I’ve been looking at the work of Cy Twombly recently. The 2008 exhibition of his work at Tate Modern is listed on Tate Org under the heading of Process and Energy. I was drawn to this in the description of his work:

“He incorporated graffiti-like pencil scribbles onto the surfaces of his early paintings, introducing elements of hesitancy and fragility into the confident physical gestures of abstract expressionist painting.”

It has occurred to me that my studies could perhaps be better described as coloured drawings. In this one, I’ve used soft graphite pencil and acrylic pens, as well as scoring instruments. I’ll be taking a closer look at what different kinds of marks might be brought to represent. And how other artists use their marks.

2021 has brought me to new crossroads from which to explore and record my discoveries on new poetic maps. It’s been quite a surprise.

I’m thinking of the Buddhist proverb: “When the student is ready, the Master appears.”

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A Return to Painting


L’Isle-Adam

The above image marks a surprise return to painting after a good number of years during which I painted only sporadically and without much success. Life and all that.

An email arrived earlier this year, out-of-the-blue, inviting me onto a 12-week intensive painting programme. The course was principle-based, meaning the content was applicable to any of the art disciplines. A ton of techniques were included, the better to apply these principles. There was also a very supportive private Facebook group.

It was certainly intensive, the programme. And difficult for me in a number of ways. I was to be painting in series, using acrylics and on small 12″x12″ wood panels. I’ve not been accustomed to working in series, have never worked on wood panels and was accustomed to oil paints, rather than acrylics. Add to that I’d lost dexterity after so long an absence from painting (it felt like my fingers were arthritic throughout a lot of the programme). Gradually, I got the feel back.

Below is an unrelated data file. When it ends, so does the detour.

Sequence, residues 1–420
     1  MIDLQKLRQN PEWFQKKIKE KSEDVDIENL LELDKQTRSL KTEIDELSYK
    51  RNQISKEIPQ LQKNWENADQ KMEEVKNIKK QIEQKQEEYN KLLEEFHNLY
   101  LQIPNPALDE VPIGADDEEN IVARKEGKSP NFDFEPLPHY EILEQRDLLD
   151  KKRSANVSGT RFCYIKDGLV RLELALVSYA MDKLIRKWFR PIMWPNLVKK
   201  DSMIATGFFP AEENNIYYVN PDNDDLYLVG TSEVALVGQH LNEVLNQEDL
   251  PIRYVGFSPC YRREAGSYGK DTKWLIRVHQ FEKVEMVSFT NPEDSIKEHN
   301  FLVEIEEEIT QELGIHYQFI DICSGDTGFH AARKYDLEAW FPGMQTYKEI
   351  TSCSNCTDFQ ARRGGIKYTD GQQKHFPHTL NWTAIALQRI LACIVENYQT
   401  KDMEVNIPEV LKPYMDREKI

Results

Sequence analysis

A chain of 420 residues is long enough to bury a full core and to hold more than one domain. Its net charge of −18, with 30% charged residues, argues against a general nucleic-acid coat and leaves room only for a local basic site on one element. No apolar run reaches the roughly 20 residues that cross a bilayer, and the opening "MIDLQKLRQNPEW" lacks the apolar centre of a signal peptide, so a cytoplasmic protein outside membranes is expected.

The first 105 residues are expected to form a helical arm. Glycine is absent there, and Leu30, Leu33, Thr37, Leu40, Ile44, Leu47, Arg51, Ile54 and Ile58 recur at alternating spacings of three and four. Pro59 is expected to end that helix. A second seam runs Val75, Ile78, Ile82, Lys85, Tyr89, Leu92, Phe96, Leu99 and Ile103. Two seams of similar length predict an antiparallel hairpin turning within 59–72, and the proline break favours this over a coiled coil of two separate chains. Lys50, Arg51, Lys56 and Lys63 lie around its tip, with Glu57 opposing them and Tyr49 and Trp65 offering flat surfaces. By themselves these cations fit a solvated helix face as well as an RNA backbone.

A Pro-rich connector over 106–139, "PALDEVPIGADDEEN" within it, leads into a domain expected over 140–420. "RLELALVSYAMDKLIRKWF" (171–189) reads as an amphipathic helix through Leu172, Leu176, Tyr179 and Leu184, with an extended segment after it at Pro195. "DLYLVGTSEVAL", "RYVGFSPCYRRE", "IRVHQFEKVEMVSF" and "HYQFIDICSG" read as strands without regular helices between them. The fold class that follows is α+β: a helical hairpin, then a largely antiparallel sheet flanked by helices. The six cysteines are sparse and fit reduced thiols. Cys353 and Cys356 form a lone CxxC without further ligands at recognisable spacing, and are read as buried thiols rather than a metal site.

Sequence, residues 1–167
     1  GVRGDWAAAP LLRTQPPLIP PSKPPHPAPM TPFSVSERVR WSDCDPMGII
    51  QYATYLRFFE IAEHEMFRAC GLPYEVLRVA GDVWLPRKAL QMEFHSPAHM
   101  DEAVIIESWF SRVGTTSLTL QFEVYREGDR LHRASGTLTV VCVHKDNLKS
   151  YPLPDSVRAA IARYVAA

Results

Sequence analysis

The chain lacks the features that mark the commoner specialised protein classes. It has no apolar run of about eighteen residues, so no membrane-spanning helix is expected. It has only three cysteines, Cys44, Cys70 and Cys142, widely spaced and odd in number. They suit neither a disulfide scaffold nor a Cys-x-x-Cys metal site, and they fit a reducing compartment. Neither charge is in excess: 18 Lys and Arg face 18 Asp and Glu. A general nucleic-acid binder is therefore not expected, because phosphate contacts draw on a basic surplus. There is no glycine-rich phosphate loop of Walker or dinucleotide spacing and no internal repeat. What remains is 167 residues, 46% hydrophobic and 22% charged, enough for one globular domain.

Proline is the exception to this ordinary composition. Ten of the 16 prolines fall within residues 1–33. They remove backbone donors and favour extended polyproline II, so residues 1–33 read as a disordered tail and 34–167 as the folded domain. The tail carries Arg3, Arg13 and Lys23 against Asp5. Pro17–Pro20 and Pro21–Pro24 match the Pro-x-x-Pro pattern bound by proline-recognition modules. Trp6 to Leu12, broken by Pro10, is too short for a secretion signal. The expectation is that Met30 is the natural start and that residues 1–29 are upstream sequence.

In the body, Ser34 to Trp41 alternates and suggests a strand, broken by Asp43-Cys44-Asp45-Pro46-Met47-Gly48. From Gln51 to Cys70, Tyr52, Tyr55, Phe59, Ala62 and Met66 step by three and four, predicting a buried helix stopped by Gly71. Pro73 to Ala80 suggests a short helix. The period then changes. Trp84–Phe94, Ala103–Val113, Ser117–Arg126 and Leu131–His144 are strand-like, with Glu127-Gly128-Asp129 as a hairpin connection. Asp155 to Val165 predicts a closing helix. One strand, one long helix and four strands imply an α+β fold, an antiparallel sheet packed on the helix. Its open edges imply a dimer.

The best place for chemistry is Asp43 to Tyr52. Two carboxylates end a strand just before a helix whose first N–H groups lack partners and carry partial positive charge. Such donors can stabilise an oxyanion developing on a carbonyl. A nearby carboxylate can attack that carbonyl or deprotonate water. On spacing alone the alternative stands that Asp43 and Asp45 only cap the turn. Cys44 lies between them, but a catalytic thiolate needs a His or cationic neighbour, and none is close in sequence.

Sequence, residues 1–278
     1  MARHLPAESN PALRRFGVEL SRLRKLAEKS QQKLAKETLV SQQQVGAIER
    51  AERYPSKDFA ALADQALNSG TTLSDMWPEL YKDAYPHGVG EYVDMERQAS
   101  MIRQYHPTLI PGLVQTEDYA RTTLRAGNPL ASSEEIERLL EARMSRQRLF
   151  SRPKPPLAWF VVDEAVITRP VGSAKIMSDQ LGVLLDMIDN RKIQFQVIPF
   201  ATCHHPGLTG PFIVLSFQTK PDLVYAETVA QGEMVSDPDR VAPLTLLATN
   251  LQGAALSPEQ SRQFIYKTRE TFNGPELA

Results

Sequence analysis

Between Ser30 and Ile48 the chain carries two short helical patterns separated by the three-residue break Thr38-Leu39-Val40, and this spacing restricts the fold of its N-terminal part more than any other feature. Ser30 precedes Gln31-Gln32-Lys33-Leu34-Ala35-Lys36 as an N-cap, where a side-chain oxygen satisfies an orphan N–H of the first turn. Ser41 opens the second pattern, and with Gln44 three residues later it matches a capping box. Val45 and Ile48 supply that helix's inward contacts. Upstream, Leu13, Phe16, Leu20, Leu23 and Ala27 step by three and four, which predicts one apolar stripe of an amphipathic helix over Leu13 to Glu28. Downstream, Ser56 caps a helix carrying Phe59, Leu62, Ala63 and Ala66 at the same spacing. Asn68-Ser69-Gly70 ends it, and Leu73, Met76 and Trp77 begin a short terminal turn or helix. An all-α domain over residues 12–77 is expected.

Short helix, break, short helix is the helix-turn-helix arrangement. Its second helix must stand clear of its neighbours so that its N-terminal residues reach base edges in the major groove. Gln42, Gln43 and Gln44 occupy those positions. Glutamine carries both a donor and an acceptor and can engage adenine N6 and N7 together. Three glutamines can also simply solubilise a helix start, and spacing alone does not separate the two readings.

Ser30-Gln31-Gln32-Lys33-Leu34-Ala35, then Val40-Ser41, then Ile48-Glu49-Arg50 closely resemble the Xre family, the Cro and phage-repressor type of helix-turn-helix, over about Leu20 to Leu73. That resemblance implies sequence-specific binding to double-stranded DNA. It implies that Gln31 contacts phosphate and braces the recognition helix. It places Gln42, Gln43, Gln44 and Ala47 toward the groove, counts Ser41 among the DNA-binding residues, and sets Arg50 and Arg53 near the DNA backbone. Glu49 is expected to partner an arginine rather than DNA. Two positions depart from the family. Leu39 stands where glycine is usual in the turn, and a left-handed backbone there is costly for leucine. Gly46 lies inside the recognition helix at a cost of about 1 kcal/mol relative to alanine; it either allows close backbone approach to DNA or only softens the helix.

I wasn’t able to complete all the modules by the end of the programme. I wasn’t the only one. Thankfully, all the modules, which include the many videos originally presented live via Zoom, are available for a full year.

A bonus for me is that the paintings will transmigrate into works on fabric.

Another bonus was getting to know other artists on the programme. Though international, several other artists are based quite near to me in real life and so I’m enjoying making new friends with similar enthusiasms.

Acrylic paints today are more eco-friendly. And one of the video presentations dealt with the disposal of acrylic paint leftovers in eco-friendly fashion. One method was a foolproof way of not ending up with any leftover paint at all, leaving only the very diluted paint in the pot of water used to dilute the paint and clean the brushes. I’ll go into this in detail in another post.

The painting above is one of a series of three. I have several series on the go. For me, that’s prolific!

It seems to be a year for series. Just before my invitation onto the painting programme dropped into my email box, I started another kind of series. I’ve not posted much on the blog this year. In respect of eco-printing and natural dyeing, I decided to start a series of writings taking a single plant and exploring it in detail – from as many perspectives as I could find. I decided to start with Nettle. In my research, I dredged up so much information on nettle, however, that it’s threatening to become a small book! And is taking a lot of time to finalise.

I was busy earlier this year studying and singing Puccini’s Messa di Gloria, which is a sort of series, of songs and choruses.

Enjoy!

Ann